Loechen, M., Gram, I. T, Mannsverk, J., Mathiesen, E. B, Njølstad, I., Schirmer, H., Wilsgaard, T. & Jacobsen, BK. (2017). Association of occasional smoking with total mortality in the population-based Tromsø Study, 2001-2015. BMJ Open,7(12), T. Groves. 1-6. United Kingdom: BMJ. Retrieved from https://doi.org/10.1136/bmjopen-2017-019107
There is a shift in the smoking population from daily smokers to light or occasional smokers. The knowledge about possible adverse health effects of this new smoking pattern is limited. We investigated smoking habits with focus on occasional smoking in relation to total mortality in a follow-up study of a Norwegian general population.
A population study in Tromsø, Norway.
We collected smoking habits and relevant risk factors in 4020 women and 3033 men aged 30–89 years in the Tromsø Study in 2001. The subjects were followed up regarding total mortality through June 2015.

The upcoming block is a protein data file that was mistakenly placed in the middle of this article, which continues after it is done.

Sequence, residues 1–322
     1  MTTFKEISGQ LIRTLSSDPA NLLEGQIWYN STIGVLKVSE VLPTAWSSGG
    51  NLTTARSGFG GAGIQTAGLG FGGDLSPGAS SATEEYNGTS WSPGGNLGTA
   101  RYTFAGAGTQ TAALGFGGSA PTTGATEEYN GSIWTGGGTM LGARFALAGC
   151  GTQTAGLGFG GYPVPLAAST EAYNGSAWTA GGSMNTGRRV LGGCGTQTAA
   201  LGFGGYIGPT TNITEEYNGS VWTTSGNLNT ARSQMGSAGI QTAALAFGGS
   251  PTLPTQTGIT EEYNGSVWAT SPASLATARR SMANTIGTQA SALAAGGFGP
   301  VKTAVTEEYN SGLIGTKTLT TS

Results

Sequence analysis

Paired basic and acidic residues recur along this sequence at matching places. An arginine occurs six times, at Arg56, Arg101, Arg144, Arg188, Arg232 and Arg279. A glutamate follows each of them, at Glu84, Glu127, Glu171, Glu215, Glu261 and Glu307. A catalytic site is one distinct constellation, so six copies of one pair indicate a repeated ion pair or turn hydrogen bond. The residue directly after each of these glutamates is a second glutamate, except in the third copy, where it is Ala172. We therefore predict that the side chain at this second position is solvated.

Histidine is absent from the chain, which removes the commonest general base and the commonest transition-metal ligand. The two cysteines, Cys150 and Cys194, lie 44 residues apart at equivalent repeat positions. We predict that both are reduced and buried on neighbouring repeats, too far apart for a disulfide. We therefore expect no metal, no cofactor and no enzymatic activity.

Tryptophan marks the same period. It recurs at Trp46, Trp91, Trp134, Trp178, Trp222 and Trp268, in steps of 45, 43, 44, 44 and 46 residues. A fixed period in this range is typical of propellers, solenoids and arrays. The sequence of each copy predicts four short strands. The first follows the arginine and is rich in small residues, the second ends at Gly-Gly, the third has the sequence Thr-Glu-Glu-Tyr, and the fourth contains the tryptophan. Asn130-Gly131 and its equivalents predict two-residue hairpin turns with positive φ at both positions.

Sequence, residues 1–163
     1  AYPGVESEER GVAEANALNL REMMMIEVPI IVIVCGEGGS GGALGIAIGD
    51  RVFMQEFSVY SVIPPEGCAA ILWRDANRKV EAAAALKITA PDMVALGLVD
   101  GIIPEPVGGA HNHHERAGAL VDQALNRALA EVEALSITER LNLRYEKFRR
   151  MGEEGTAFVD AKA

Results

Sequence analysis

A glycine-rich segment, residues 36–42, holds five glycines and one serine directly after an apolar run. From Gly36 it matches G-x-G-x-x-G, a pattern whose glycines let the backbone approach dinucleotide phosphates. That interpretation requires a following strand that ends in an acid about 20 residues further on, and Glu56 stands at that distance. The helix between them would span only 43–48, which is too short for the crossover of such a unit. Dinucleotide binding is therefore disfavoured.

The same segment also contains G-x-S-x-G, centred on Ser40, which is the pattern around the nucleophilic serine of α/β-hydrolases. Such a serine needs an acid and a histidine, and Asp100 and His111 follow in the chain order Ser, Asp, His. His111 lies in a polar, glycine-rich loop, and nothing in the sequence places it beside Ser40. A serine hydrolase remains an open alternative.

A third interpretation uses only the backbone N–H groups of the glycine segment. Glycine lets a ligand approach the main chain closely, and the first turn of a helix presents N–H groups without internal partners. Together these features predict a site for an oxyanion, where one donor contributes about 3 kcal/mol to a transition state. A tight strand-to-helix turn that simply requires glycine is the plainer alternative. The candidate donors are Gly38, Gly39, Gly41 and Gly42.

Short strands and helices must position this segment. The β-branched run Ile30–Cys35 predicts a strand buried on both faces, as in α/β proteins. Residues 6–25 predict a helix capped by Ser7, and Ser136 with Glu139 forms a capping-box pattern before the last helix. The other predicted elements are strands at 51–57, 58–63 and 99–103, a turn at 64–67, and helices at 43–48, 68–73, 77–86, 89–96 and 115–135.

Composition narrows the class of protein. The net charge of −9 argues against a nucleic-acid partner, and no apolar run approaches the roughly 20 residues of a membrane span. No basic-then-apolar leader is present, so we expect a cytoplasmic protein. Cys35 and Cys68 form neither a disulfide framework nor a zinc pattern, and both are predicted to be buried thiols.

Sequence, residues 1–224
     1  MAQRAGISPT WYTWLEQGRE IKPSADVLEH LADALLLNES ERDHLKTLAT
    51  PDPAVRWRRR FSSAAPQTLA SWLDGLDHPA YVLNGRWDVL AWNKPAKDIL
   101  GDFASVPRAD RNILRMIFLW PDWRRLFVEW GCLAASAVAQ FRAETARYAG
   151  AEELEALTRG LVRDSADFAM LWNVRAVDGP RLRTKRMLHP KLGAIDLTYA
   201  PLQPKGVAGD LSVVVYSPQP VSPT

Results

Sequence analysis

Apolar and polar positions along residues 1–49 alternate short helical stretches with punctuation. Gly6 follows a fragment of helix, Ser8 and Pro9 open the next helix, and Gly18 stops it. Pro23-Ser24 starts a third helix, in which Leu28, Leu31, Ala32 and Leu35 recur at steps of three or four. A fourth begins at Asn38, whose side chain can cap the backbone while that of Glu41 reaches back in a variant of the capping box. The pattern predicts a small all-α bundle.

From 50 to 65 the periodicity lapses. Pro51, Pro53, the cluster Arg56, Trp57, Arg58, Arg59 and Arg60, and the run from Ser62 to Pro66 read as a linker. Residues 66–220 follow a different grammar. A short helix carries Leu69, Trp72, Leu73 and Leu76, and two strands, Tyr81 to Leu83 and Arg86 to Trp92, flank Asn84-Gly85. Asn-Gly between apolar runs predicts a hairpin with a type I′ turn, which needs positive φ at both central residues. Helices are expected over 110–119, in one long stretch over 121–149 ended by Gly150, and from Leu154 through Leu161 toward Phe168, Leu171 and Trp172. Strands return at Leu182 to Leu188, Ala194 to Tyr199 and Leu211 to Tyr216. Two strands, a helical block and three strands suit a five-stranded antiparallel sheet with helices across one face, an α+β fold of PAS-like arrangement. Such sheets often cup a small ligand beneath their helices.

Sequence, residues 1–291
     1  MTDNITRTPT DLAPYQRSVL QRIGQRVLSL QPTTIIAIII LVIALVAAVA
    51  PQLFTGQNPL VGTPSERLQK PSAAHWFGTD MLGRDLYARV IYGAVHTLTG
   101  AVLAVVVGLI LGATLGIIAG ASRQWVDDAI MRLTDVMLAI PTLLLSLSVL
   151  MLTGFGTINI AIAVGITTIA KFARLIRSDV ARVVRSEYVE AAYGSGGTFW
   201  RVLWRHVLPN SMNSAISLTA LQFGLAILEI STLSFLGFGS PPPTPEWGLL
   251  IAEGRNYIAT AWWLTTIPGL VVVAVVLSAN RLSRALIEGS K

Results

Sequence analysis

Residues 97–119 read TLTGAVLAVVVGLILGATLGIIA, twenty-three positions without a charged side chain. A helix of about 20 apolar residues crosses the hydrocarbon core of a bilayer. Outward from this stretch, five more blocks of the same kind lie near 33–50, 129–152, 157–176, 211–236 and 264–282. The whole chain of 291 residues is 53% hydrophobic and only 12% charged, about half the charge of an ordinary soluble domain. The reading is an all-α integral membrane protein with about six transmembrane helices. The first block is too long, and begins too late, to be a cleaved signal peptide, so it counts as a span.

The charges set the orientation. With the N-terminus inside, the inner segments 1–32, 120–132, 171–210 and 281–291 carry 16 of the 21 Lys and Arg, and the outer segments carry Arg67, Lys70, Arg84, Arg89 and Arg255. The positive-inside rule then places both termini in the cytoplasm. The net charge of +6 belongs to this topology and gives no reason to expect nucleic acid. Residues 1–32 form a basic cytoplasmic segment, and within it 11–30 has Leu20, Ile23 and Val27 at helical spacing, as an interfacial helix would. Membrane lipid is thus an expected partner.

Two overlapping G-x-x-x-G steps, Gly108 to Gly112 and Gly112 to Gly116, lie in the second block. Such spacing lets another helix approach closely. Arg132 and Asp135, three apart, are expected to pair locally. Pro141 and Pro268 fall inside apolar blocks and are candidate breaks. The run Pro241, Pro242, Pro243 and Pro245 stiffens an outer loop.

Among the participants, there were 7% occasional smokers. Occasional smokers were younger, more educated and used alcohol more frequently than other participants. A total of 766 women and 882 men died during the follow-up. After the adjustment for confounders, we found that occasional smoking significantly increased mortality by 38% (95% CI 8% to 76%) compared with never smokers. We report a dose–response relationship in the hazards of smoking (daily, occasional, former and never smoking).
Occasional smoking is not a safe smoking alternative. There is a need for information to the general public and health workers about the health hazards of occasional smoking. More work should be done to motivate this often well-educated group to quit smoking completely.
Mary MacKillop Institute for Health Research
Open Access Journal Article
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